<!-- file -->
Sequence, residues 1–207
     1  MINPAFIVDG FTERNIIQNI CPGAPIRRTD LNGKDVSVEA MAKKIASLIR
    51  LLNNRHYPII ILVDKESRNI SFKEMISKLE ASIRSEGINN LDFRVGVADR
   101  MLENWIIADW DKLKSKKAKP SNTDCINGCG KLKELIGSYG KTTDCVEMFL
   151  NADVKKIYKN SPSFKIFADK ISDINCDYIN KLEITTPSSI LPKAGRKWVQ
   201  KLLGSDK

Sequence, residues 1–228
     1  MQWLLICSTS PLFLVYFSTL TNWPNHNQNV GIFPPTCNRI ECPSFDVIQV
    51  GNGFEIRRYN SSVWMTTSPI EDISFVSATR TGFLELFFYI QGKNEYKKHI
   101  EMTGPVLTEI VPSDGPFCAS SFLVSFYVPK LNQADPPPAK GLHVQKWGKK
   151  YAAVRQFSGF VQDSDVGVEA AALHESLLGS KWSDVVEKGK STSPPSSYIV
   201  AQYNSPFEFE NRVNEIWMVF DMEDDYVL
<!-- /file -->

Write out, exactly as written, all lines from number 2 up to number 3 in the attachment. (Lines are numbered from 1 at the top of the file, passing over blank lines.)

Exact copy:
     1  MINPAFIVDG FTERNIIQNI CPGAPIRRTD LNGKDVSVEA MAKKIASLIR
    51  LLNNRHYPII ILVDKESRNI SFKEMISKLE ASIRSEGINN LDFRVGVADR